HENRY DESMANGLES, Individually and on behalf of all other similarly situated, Plaintiff,
WOODSIDE MANAGEMENT, INC., Defendant Index No. 653423/11
RECEIVED NYSCEF: 08/17/2012
DECISION AND ORDER
Melvin L. Schweitzer, J.S.C
The core questions in this case are whether the plaintiff, Henry Desmangles (Taxi Driver), states valid causes of action for breach of contract, unjust enrichment and violations of TLC Rules 58-21(C)(4) and 58-21(F)(3). Defendant Woodside Management, Inc. (Medallion Owner) moves to dismiss the complaint pursuant to CPLR 3211(a)(7).
The plaintiff is a Taxi Driver who leased a medallion from the defendant for a taxi cab that is operated within the City of New York. As alleged in the Complaint (Complaint), pursuant to a written contract, defendant and plaintiff agreed that plaintiff would pay defendant a weekly rate of $800, with the amount being slightly higher for hybrid vehicles. As further alleged in the Complaint, the defendant systematically overcharged the Taxi Driver who leased the medallion, leading to weekly payments in excess of $800. The Taxi Driver paid the alleged overcharges that the Medallion Owner demanded.
The Taxi Driver alleges that the basic lease fees at issue were capped in the form contract at $800, as set by the rules of the New York City Taxi and Limousine Commission (TLC). TLC rules place a cap, which apply to weekly leases and driver-owned-vehicle leases, on the amount a taxi medallion owner, broker or agent can charge when leasing a taxi medallion. The Medallion Owner, on a systematic basis, has allegedly charged the Taxi Driver in excess of the lease cap.
Woodside Management's motion to dismiss the complaint is pursuant to CPLR 3211(a)(7).
In assessing a pleading under CPLR 3211, the court must determine whether "from the complaint's four corners, 'factual allegations are discerned which taken together manifest any cause of action cognizable at law.'" Gorelik v Mount Sinai Hosp. Ctr., 19A.D.3d 319, 319 (1st Dept 2005) (quoting Guggenheimer v Ginzburg, 43 N.Y.2d 268, 275 (1977)). Also, under this rule, the facts alleged in the complaint are taken as "true and accorded every favorable inference." Quatrochi v Citibank, N.A., 210 A.D.2d 53 (1st Dept 1994). However, allegations that "consist of bare legal conclusions" or are "inherently incredible or flatly contradicted by documentary evidence" are inadequate to sustain a complaint. Ullman v Norma Kamali, Inc., 207 A.D.2d 691, 692 (1st Dept 1994); accord Delran v Prada USA, Corp., 23 A.D.3d 308 (1st Dept 2005); HT Capital Advisors, LLC v Optical Res. Group, Inc., 276 A.D.2d 420 (1st Dept 2000).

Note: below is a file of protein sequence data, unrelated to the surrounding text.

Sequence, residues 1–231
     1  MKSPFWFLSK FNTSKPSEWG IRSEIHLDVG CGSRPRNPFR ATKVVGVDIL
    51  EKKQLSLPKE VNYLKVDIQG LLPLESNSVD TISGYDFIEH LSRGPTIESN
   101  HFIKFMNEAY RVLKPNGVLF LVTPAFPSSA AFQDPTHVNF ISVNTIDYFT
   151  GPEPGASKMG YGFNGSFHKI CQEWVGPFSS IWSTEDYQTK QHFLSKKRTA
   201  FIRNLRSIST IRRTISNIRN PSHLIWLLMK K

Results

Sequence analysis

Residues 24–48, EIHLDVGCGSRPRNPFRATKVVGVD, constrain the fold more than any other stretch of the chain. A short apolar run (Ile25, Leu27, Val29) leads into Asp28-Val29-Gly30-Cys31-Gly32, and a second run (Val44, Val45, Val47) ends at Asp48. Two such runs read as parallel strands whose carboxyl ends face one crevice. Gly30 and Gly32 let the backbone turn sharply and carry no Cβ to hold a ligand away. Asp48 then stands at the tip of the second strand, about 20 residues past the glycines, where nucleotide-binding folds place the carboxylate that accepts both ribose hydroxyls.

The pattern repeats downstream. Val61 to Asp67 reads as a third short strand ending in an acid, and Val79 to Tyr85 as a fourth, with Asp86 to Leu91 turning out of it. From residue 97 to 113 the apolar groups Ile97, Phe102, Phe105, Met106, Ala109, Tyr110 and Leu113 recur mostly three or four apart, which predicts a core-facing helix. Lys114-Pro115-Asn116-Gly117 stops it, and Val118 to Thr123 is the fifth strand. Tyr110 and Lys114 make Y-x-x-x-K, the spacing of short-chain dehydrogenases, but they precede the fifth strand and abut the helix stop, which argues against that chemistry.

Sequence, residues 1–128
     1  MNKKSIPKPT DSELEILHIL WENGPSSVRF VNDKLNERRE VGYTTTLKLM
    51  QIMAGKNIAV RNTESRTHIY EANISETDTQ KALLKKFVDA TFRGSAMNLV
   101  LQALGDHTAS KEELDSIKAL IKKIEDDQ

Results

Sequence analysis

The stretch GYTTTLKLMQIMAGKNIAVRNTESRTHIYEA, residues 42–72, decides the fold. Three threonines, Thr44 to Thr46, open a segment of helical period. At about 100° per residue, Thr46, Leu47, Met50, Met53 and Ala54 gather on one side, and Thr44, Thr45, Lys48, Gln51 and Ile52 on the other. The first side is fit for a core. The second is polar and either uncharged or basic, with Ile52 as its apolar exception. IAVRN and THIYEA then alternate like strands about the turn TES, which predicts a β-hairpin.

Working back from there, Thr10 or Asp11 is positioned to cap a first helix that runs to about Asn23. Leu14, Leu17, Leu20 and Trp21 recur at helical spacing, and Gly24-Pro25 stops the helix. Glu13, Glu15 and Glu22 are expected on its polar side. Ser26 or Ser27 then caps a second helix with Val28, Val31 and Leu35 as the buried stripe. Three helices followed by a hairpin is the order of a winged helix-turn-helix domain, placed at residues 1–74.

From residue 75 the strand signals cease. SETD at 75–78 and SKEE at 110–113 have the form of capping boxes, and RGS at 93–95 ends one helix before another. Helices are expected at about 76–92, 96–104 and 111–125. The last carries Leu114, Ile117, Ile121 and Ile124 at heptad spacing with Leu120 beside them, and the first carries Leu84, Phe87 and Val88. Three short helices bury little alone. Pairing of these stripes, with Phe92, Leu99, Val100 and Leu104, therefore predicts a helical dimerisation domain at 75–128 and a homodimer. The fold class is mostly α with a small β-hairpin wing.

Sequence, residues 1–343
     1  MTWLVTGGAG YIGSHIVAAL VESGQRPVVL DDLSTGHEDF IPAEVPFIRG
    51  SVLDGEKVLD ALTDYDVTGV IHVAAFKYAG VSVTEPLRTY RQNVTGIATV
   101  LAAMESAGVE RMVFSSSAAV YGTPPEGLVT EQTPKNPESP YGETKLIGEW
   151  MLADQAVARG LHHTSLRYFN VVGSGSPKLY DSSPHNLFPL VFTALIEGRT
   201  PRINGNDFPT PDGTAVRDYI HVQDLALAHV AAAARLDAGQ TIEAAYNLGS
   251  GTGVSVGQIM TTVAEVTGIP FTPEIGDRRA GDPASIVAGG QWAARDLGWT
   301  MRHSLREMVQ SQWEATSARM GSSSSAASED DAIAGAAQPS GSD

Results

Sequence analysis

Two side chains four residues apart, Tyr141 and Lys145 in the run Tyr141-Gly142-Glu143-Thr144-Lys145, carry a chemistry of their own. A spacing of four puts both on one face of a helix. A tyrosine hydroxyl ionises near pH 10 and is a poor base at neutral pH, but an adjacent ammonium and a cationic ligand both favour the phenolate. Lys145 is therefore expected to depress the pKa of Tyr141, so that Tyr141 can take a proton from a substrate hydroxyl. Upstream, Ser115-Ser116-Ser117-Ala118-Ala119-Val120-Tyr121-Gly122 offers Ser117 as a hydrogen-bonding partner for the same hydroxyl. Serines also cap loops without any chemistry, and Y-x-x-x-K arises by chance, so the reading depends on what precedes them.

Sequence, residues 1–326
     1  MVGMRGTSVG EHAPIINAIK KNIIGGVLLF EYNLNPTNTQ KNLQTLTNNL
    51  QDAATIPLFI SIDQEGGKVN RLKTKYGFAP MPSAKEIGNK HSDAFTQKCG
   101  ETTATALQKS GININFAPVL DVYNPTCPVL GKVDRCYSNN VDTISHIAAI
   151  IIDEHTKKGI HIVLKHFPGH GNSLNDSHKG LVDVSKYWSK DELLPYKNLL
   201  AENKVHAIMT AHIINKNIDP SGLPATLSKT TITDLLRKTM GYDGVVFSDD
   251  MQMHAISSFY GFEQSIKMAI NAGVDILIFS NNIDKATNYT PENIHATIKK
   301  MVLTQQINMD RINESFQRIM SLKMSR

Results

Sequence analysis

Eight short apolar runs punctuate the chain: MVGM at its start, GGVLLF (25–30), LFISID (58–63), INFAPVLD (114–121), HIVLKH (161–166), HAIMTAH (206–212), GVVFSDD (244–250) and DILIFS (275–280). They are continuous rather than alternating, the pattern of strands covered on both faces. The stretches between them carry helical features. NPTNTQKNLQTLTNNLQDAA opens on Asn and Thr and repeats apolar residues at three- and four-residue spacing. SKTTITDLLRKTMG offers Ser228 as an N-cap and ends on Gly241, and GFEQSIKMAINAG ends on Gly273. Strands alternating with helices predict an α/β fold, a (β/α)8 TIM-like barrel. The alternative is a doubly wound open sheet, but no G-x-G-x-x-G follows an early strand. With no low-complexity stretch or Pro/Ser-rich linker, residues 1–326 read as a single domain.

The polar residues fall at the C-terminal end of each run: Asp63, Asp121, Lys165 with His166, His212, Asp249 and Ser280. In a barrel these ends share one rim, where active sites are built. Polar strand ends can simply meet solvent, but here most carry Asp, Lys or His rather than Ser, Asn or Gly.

The plaintiff asserts an unjust enrichment argument against the defendant (Third Cause of Action), alleging that "by overcharging and by circumventing the lease cap, [the Medallion Owner has] been enriched at plaintiffs expense ..." The unjust enrichment theory "lies as a quasi-contract claim. It is an obligation imposed by equity to prevent injustice, in the absence of an actual agreement between the parties concerned." IDT Corp. v Morgan Stanley Dean Witter & Co., 12 N.Y.3d 132, 142 (2009). Since the Taxi Driver also asserts a contract claim concerning the lease cap (First Cause of Action), his unjust enrichment claim is dismissed, as it is duplicative of the contract claim. See Katz v American Mayflower Life Ins. Co. of N. Y., 5 N.Y.3d 561.
Likewise, the Taxi Driver's claim related to excessive credit card fees (Second Cause of Action) fails. The parties do not dispute that the TLC rule concerning credit card fees authorizes a fee of up to 5%. In the Complaint, the Taxi Driver never claims to have been charged more than 5% on credit card transactions, which fatally harms this cause of action.
Additionally, the Taxi Driver's claims (Fourth and Fifth Causes of Action) regarding how the Medallion Owner violated TLC Rule 58-21(C)(4) and (F)(3) regarding express vehicle fees and credit card overcharges are dismissed for lack of standing. This court agrees with the Medallion Owner's argument that there is no explicit private right of action for a violation of the TLC rules. When a statute does not contain a provision allowing for civil damages, a potential litigant may only recover damages if a private right of action can be implied. See Sheehy v Big Flats Cmty. Day, Inc., 73 N.Y.2d 629, 633-34 (1989). A private right of action can be implied if each prong of a three-part test is satisfied, in which a plaintiff must demonstrate: (1) that he is a member of the class that the statute was enacted to benefit; (2) that the recognition of a private right of action would promote the legislative purpose; and (3) that the creation of such a right would be consistent with the legislative scheme. Carrier v Salvation Army, 88 N.Y.2d 298, 302 (1996). This court agrees with the defendant's contention that the plaintiff fails to satisfy the second and third prongs.
Also, defendant's contention that the claim concerning the violation of the express vehicle fees (First Cause of Action) should be dismissed pursuant to CPLR 3211 (a) (7) is correct. The court agrees with the defendant's assertion that the contract that the plaintiff signed shows that the plaintiff agreed to pay a sum of $1, 050 per week, rather than the $800 figure that is incorrectly alleged ...